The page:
The workshop for school food service workers (discover.cook.nourish; part of the CPPW grant) has an accompanying workbook with about 33 recipes in it. A group of volunteer master’s in nutrition students from Bastyr University calculated a nutritional profile for each recipe as well as a retail cost per serving. Seemed like good information to add. But honestly, I was nervous about the sodium content for a couple of the recipes – like Vegetable and Chicken Teriyaki.
The fear comes from the battles being fought against salt (sodium chloride) in food. The new USDA food guidelines recommend that children and people over 50 should consume 1500 mg or less daily. Why? Because 70% of the American population is at risk for high blood pressure and hypertension is correlated with high salt intake. Americans currently eat about 3,400 mg of sodium daily. It is important to note that 70- 80% of that sodium intake comes from packaged food and restaurant food.
This guideline puts a real crimp in the typical school lunch which relies heavily on processed foods to keep costs low (see “Please Don’t Condition my Dough“). No picnic for the makers of packaged food either. Salt is a low cost way to create taste and texture when your base ingredients have none. If food manufacturers had to replace salt (lower the sodium content) they would have to resort to more expensive ingredients and lose profits. Higher food costs are not an option for school lunch programs either, who are not generating profits and operate within a very tight budget.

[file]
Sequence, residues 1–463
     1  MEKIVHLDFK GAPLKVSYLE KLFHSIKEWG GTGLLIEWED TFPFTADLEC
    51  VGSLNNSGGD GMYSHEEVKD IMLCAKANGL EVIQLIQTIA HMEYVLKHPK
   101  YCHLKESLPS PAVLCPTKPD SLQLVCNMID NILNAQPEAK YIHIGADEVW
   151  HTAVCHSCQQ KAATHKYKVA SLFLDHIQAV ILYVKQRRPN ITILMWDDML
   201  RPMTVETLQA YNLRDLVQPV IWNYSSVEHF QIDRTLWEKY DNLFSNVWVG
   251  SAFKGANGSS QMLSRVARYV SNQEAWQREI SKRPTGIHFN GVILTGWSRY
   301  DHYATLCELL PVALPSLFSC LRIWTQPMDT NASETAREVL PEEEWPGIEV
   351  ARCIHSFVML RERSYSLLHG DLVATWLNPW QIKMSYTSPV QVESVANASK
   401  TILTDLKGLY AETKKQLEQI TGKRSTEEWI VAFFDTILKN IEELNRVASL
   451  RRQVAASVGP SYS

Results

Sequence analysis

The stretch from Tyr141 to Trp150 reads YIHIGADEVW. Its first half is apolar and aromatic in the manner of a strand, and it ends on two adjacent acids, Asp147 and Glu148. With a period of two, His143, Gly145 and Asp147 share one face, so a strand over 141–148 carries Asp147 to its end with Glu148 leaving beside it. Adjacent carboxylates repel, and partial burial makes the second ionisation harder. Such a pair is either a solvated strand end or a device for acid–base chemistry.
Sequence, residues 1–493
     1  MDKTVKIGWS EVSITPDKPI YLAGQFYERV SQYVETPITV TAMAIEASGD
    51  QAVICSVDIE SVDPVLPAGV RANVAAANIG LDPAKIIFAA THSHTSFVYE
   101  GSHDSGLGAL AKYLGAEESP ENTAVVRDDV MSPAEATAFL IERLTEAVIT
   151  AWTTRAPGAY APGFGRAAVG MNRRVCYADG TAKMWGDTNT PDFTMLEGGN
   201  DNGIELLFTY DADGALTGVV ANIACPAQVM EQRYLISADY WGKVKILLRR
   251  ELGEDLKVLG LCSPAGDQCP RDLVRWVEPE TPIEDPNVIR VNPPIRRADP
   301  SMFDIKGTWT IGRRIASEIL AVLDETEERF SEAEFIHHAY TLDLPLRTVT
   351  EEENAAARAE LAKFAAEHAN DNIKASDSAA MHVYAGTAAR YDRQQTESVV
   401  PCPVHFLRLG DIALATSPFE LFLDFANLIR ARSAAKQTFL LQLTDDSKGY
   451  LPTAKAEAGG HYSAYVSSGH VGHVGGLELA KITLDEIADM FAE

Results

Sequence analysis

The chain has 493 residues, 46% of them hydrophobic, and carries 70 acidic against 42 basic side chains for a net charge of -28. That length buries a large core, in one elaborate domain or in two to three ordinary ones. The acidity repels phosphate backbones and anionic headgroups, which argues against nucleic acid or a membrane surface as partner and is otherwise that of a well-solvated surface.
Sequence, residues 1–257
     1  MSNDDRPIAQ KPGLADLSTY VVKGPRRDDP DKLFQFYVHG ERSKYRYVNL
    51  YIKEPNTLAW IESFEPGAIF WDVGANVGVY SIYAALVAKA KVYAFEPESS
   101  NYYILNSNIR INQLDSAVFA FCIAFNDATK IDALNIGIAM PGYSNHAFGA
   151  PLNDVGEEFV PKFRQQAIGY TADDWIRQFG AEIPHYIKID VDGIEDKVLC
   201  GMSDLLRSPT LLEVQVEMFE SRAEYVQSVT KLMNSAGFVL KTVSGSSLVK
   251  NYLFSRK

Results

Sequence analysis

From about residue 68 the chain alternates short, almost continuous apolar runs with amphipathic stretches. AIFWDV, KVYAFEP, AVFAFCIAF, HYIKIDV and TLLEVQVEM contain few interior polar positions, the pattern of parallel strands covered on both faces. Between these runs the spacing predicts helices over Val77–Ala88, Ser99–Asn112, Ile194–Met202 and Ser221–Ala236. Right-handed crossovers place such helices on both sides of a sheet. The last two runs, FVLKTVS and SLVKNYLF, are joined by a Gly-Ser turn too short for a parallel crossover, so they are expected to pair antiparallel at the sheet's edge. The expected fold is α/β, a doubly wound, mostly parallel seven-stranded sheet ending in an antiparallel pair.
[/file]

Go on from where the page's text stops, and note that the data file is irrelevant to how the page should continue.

But wait a minute. Hold the no-salt phone. Apparently hypertension has been increasing for years without any change in sodium intake. No kidding. According to a report in Food Navigator, “rising obesity rates may be a more important factor for hypertension than rising sodium consumption” claim the authors of a new study that notes US sodium intake has remained relatively constant over the past 50 years. Then why is the USDA recommending these extremely low amounts of sodium? I don’t know. Is a symptom being addressed rather than the cause (people consuming too much sodium-laden junk food because the ingredients come from subsidized crops so the food is cheap; weight gain from eating these foods cascading into other health problems such as hypertension and diabetes)??? I have so many questions.
Marion Nestle, PhD, feels that the whole salt thing is a consumer choice issue. If you want to keep your sodium intakes lower (and your weight reasonable) don’t buy Cheetos and Coke. In her thread of posts on salt Marion also quotes Judith Shulevitz’s piece in The New Republic, “Is salt the new crack?” Ms. Shulevitz writes:
“We need to stop ingesting all these substances in ludicrous amounts…We need to be taught not just what’s in processed food, but how historically anomalous its manufacture and our consumption of it are. We need to understand the mechanisms that addict us to it. We need to relearn how to prepare real meals, and we need to start rethinking the social dynamics of that chore (it can’t just be up to wives and mothers anymore).”
Yup. Let’s cook. Less than 5% of our sodium intake comes from salt added to foods prepared from scratch at home. That’s why half of the workshop for school service workers is hands-on cooking. That’s one of the many reasons for launching Cookus Interruptus.
Do you worry about salt intake? And if you do, what do you do about keeping sodium intake low? What do you think about the guideline to keep school lunch food under 1500 mg? Will that help?